When I see what is happening in Ukraine, I feel it in my bones, my family having gone through something similar in WW II.
My mother lost numerous members of her family, some at the hands of the Nazis (for reasons we don't know), and, at the end of the war, by Russians. Russian soldiers chased my family, all civilians, and murdered several, including my great-grandpa, who was in his eighties. (He was shot and, while still alive, thrown off a bridge to drown.) My mother and her parents were, fortunately, in America at this time.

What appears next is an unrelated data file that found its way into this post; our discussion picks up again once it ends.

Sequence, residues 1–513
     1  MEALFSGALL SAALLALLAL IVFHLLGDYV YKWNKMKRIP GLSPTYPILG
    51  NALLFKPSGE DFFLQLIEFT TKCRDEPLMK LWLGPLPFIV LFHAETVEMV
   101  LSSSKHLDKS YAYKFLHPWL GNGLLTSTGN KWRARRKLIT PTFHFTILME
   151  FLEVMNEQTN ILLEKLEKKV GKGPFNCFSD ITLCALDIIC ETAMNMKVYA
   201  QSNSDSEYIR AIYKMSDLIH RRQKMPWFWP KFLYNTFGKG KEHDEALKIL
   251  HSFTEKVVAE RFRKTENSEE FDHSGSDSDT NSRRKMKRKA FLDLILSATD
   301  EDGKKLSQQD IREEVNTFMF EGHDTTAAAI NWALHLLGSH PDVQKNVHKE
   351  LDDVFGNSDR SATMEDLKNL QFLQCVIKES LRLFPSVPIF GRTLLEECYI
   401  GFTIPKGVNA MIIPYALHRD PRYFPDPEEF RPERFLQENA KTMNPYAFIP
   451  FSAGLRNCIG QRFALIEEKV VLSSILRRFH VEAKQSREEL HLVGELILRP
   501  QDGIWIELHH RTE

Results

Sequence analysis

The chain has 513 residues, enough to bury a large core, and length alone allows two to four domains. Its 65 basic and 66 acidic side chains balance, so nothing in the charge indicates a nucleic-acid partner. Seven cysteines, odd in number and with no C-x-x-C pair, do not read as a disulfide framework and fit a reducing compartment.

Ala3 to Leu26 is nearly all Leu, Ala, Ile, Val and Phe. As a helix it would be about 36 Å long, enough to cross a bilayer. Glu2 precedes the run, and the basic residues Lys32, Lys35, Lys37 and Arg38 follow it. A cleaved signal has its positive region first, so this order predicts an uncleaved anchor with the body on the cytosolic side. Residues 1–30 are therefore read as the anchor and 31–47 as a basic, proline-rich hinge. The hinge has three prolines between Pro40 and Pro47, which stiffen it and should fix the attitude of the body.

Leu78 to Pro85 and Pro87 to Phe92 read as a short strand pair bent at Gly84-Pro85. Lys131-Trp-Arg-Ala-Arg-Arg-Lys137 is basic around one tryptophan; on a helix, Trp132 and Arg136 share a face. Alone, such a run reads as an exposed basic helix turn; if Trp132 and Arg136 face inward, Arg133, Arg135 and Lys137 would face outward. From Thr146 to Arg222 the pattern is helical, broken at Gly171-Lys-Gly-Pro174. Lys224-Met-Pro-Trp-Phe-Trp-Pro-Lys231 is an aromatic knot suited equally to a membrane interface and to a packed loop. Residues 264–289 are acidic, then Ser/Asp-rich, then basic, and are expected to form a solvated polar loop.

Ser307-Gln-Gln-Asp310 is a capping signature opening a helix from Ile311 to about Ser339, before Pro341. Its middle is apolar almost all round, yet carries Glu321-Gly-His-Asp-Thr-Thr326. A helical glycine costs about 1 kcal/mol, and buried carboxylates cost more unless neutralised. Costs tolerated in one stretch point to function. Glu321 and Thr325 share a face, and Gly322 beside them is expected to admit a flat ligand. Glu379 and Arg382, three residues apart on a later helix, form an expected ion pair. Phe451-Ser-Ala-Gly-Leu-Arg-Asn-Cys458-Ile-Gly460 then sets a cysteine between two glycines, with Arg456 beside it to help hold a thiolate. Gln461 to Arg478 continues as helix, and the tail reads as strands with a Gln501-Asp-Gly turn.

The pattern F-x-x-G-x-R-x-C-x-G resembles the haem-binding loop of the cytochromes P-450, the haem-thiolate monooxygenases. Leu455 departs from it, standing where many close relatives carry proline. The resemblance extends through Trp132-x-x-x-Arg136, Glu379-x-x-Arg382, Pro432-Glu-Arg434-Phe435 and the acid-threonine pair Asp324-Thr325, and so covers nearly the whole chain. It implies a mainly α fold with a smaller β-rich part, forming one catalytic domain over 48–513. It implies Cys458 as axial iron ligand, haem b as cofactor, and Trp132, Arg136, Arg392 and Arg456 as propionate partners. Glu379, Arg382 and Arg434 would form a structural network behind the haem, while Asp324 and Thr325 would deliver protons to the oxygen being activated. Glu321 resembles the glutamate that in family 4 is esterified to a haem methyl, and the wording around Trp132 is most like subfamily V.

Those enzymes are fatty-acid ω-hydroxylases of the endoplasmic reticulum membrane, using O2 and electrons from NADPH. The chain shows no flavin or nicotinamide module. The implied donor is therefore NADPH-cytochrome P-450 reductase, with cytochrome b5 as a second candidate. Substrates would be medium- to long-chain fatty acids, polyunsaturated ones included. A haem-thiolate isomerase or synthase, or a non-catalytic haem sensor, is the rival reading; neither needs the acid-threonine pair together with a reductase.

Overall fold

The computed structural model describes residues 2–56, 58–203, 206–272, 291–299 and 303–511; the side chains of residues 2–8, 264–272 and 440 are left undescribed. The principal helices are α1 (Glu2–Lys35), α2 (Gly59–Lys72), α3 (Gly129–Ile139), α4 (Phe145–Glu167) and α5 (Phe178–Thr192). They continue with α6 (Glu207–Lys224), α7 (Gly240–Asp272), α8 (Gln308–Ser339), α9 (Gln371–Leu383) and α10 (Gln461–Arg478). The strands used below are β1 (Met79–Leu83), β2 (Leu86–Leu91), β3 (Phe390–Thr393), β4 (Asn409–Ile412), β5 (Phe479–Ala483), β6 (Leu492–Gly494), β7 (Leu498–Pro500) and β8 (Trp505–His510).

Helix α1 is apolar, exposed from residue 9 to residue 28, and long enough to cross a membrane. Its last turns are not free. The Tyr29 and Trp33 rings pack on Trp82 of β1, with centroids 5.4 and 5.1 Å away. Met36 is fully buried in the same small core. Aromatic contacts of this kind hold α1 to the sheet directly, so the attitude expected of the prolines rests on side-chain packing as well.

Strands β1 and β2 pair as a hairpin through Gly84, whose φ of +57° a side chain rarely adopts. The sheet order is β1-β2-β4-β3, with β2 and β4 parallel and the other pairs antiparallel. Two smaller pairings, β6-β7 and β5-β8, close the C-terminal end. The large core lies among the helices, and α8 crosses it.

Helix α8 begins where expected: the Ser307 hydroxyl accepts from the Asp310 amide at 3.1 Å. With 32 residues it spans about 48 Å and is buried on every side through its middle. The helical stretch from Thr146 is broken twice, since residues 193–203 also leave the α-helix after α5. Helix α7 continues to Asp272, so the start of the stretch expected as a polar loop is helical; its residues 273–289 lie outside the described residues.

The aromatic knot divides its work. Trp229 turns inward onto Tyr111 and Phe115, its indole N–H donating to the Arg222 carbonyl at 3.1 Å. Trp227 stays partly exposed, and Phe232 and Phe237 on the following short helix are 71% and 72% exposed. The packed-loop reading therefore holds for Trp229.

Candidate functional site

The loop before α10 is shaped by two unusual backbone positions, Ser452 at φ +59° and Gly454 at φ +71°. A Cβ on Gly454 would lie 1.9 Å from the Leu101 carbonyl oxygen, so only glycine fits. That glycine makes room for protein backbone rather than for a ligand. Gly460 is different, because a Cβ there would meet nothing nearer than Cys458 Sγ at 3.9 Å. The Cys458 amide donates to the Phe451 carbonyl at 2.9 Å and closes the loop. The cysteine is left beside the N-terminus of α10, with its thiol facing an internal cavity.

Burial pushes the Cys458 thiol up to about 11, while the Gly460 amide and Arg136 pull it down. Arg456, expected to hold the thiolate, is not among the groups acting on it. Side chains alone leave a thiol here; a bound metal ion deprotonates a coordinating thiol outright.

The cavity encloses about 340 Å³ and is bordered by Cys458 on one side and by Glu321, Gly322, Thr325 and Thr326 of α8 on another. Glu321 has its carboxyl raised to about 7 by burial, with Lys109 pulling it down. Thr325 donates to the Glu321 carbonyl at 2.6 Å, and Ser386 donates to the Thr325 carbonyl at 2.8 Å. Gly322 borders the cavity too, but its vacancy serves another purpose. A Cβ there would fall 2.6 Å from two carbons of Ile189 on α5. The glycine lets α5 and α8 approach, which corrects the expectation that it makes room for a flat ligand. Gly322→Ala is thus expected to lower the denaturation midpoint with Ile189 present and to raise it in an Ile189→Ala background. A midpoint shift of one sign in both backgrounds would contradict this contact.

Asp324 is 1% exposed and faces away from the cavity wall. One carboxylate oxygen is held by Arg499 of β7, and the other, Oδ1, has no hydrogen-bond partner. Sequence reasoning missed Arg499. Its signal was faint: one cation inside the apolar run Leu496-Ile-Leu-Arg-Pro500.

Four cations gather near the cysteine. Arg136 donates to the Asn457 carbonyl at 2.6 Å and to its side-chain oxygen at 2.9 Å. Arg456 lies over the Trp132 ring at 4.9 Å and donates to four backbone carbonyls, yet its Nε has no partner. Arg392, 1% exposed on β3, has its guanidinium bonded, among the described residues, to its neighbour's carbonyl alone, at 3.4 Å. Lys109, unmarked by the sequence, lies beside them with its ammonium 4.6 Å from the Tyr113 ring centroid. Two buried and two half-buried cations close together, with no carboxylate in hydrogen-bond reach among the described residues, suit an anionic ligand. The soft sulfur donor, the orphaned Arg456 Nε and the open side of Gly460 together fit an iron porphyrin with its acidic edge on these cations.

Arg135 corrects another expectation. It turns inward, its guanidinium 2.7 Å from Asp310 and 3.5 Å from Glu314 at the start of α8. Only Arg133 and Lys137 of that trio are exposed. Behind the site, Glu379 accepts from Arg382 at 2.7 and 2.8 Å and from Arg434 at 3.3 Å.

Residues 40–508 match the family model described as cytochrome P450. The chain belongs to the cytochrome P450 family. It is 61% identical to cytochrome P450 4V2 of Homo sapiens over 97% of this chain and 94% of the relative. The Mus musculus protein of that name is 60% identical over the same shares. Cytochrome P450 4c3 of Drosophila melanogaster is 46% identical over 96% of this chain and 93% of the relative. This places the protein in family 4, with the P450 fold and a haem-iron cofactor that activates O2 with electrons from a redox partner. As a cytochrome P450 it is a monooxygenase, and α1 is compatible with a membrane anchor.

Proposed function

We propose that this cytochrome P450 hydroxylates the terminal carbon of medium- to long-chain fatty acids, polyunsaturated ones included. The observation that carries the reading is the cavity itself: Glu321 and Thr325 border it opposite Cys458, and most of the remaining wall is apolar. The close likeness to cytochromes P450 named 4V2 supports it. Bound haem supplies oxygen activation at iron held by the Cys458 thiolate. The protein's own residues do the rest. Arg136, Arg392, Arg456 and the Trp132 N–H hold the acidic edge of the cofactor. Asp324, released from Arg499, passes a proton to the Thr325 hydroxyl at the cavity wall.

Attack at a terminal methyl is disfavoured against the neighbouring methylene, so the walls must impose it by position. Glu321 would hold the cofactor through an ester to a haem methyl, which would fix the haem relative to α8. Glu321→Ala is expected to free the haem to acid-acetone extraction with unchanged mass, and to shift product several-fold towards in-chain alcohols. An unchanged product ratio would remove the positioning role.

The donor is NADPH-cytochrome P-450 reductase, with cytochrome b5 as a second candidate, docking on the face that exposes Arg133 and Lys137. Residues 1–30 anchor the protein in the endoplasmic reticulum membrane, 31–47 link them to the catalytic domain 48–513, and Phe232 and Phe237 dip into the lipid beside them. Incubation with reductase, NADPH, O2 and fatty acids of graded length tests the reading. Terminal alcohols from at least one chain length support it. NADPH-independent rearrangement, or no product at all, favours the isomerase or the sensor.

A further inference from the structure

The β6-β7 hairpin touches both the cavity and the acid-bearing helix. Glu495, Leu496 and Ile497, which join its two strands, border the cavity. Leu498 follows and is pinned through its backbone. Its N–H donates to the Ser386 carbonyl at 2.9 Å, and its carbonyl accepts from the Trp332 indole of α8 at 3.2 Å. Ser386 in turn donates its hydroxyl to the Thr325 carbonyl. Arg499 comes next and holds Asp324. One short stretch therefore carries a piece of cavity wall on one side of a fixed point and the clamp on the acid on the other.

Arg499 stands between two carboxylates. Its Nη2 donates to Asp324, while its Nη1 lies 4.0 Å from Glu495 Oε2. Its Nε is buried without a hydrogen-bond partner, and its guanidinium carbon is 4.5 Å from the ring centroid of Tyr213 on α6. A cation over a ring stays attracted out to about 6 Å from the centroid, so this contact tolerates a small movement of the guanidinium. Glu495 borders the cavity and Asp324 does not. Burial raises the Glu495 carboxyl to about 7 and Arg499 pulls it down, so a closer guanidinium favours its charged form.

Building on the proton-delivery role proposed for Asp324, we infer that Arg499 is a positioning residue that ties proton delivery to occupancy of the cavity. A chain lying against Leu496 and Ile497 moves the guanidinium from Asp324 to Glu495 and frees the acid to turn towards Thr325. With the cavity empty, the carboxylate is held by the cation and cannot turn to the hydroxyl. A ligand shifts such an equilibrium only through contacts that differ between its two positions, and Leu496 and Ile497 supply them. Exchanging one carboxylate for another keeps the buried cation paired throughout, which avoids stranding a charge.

While in college, I interviewed several surviving members of my mother's famiily. They had been Displaced Persons at the end of the war and went through absolute hell. One great-aunt had lost both legs to frostbite. Eventually, they found their way to an American zone where they were taken care of, but the physical and emotional scars lived on. They were damaged people, and some of that trauma, no doubt, has been passed to my generation and even the next.
What is happening in Ukraine at this moment is horrible and has made me reflect on my kinfolk who fled a similar situation in 1945 -1946. There are relatives I never met, and whose fate I will never learn. I do not know where they are buried, assuming they were buried properly at all.
The atrocities being committed in Ukraine will have a life of their own that will be felt a long time from now.